Denver Zoo

After your afternoon nap at the ART, a hotel, you can watch gorillas and orangutans enjoy a hammock siesta in one of the most expansive great ape habitats in the world. The hotel is near the Denver Zoo, home to 4,000 animals representing more than 600 species and even they join in on the art scene. To celebrate 2014 Denver Art Week, Dolly, the elephant, did her best Dali impression in her work, The Mask, with more than 10 animals contributing to the effort. The animal-created work was auctioned off to celebrate the city’s robust art scene.

Denver doesn't monkey around

The zoo was born when the mayor of Denver was gifted with a black bear cub, who came to live at City Park. In 1918, with the opening of Bear Mountain, the Denver Zoo became the first American institution to introduce Carl Hagenbeck’s zoo concept – that people should see animals at eye level, in natural habitats and without bars or fences. Since then, the zoo has grown into a tree-dwelling haven for primates and one of largest elephant habitats in North America.

The zoo’s Primate Panorama features open-air wire mesh tents that allow monkeys and chimpanzees to roam four stories above, while a separate one-acre exhibit allows the zoo’s gorillas to roam freely. The Toyota Elephant Passage features two miles of interconnected trails on 10 acres of varied terrain. Asian elephants, greater one-horned rhinos and Malayan tapirs enjoy these unique habitats with their mud wallows, scratching trees and shade structures.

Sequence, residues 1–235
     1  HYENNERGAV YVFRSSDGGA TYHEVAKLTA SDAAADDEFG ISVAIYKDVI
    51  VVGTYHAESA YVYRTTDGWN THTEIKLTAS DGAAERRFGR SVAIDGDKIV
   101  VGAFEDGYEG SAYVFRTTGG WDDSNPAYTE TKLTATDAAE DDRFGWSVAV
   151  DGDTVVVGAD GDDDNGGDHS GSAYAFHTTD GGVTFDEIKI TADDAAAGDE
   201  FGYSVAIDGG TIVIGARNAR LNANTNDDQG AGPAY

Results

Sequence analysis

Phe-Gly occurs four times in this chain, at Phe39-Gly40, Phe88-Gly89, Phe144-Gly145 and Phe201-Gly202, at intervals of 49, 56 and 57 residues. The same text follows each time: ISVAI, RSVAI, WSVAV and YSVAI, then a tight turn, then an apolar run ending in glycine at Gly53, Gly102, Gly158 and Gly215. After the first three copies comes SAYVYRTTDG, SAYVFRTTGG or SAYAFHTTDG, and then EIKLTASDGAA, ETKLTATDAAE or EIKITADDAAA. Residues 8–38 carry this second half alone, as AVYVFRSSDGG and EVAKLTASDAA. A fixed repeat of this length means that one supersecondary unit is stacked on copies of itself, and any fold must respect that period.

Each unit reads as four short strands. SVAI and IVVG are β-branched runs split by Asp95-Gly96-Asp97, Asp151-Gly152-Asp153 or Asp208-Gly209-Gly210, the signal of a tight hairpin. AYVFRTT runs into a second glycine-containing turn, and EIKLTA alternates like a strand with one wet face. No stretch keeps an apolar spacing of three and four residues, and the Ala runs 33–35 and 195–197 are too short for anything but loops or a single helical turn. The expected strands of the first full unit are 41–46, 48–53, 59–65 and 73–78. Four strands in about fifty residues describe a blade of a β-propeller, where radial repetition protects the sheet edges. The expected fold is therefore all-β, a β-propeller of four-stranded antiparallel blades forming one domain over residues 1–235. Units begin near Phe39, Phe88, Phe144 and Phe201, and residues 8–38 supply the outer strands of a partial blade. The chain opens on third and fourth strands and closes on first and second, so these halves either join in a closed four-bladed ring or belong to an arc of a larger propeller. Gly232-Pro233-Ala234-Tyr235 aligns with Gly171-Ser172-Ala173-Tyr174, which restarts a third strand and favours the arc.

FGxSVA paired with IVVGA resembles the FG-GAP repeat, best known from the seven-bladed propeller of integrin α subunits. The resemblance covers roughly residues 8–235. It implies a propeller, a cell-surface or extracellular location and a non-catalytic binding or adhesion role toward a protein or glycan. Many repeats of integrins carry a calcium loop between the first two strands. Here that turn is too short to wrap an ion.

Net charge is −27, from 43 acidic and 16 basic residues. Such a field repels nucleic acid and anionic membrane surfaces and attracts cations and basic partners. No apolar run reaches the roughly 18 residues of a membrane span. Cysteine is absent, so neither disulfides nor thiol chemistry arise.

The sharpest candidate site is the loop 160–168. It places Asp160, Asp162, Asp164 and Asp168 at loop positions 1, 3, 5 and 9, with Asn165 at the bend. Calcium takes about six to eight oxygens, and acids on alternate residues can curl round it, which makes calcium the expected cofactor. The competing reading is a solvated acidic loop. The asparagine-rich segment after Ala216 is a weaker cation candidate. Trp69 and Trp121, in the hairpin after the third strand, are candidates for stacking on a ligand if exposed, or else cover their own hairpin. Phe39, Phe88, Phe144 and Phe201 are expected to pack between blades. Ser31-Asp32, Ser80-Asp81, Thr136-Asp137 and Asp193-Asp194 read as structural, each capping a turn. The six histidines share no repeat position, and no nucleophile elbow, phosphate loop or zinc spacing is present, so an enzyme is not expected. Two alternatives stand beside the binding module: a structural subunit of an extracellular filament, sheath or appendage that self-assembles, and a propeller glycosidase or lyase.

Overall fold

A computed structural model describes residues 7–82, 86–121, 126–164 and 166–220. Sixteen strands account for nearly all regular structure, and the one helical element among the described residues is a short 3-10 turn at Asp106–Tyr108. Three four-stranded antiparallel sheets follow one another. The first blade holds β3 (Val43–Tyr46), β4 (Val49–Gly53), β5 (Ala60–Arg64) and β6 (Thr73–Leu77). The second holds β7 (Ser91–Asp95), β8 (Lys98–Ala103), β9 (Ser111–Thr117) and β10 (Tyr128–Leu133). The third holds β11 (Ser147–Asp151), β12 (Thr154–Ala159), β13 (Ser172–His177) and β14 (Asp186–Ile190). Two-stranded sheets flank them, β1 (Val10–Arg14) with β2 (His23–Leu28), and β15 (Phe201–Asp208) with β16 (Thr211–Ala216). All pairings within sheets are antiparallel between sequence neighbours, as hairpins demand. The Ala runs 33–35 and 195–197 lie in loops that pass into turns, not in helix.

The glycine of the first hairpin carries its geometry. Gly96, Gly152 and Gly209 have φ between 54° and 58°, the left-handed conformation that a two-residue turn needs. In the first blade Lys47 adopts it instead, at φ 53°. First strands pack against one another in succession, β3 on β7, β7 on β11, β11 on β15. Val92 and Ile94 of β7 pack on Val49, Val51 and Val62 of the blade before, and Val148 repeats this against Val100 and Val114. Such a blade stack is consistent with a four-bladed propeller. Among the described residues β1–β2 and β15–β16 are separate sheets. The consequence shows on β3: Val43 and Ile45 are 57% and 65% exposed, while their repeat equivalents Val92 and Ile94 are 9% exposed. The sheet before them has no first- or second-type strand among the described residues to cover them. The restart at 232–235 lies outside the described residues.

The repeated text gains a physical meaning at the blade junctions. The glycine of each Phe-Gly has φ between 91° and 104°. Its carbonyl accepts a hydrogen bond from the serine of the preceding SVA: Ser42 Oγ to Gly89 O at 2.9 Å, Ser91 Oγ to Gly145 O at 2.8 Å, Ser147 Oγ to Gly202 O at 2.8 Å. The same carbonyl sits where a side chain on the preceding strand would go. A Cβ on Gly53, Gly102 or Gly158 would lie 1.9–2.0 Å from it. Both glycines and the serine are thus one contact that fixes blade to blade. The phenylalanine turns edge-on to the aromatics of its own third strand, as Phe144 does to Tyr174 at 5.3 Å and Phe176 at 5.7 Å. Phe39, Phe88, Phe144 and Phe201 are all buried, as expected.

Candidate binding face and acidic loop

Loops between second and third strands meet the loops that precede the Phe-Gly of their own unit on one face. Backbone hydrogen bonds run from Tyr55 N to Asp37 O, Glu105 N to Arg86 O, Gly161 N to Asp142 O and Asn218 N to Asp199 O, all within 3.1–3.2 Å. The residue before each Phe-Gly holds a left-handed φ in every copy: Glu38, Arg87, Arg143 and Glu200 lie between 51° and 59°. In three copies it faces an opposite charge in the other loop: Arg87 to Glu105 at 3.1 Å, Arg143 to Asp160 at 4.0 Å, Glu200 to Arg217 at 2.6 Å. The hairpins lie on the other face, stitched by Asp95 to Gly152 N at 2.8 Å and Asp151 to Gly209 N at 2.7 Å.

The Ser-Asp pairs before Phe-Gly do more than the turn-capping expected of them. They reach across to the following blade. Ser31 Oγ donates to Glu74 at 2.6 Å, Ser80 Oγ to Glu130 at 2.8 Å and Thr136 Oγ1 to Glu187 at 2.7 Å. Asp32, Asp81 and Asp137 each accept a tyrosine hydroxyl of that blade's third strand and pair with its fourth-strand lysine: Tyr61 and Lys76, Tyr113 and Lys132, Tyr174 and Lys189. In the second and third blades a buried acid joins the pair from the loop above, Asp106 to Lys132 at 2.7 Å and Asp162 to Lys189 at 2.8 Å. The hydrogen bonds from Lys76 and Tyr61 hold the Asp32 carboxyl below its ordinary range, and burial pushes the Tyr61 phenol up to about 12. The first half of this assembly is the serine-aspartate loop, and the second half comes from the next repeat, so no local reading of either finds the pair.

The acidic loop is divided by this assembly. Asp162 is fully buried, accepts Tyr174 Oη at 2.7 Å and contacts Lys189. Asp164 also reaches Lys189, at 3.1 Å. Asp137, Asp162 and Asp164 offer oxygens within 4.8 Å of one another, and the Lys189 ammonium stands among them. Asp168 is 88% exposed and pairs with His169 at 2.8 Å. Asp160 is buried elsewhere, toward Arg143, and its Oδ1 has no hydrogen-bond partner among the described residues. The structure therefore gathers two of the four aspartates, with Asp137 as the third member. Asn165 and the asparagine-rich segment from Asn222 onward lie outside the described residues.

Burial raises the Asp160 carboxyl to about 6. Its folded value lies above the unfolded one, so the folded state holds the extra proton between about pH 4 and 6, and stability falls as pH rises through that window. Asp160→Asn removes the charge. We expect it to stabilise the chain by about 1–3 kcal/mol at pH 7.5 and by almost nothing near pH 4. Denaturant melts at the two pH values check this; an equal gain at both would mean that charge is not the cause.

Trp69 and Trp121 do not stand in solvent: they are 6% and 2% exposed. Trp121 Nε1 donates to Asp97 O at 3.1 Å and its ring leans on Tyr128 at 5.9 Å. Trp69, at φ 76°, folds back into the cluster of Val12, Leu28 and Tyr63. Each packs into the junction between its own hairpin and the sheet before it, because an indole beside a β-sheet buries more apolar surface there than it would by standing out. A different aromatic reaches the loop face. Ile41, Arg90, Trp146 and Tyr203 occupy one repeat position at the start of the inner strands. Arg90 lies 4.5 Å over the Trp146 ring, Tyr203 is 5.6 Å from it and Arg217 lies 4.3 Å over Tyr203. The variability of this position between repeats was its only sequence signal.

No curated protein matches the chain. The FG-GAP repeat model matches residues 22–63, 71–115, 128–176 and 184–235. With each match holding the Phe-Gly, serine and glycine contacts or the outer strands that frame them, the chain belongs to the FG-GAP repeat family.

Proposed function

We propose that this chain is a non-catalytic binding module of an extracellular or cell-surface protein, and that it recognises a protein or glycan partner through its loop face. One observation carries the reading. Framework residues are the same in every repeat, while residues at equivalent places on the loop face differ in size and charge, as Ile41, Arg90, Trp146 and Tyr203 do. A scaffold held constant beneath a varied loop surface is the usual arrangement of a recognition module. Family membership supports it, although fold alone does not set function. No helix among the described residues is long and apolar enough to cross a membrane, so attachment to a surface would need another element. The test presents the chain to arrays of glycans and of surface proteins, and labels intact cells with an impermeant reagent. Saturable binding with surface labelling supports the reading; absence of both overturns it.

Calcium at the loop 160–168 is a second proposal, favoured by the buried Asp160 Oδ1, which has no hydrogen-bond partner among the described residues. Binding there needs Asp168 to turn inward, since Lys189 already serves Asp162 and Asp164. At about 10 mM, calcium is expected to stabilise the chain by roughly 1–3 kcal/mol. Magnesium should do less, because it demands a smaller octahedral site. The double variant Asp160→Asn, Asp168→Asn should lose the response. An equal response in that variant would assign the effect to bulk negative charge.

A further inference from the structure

At Predator Ridge, visitors can meander through rock outcroppings and native brush to see lions, hyenas and African wild dogs. The Feline House showcases more of the feline family.

Other highlights include Tropic Discovery, Northern Shores and the famed Bear Mountain. Don’t forget to catch a ride on the U.S.’s first natural gas-powered zoo train or to take a spin on the Denver Zoo’s carousel with hand-carved endangered animals.

More than just animal sightings

The Denver Zoo doesn’t just play home to 600-plus species. It delivers an educational experience where visitors can watch the sea lions’ and African penguins’ daily-scheduled feedings. Animal enthusiasts can even attend a safari mini-camp to see how baby animals grow up in the zoo and in the wild.

Since 1996, the zoo has participated in nearly 600 conservation projects in 62 countries on all seven continents. In its own backyard alone, the Denver Zoo focuses on preserving the Rocky Mountains and Great Plains native species, such as the bison, pika and prairie dogs. A leader in environmental action, the Denver Zoo is the first zoo in the U.S. to receive a certification for environmental management of the entire facility and its operations.

Annual events include: Brew at the Zoo, Do at the Zoo, Zoo Year’s Eve and the Zoo’s Halloween event, and Squish the Squash, where an elephantine-sized pumpkin gets pulverized by an Asian elephant.

Denver Zoo
2300 Steele St. | 720.337.1400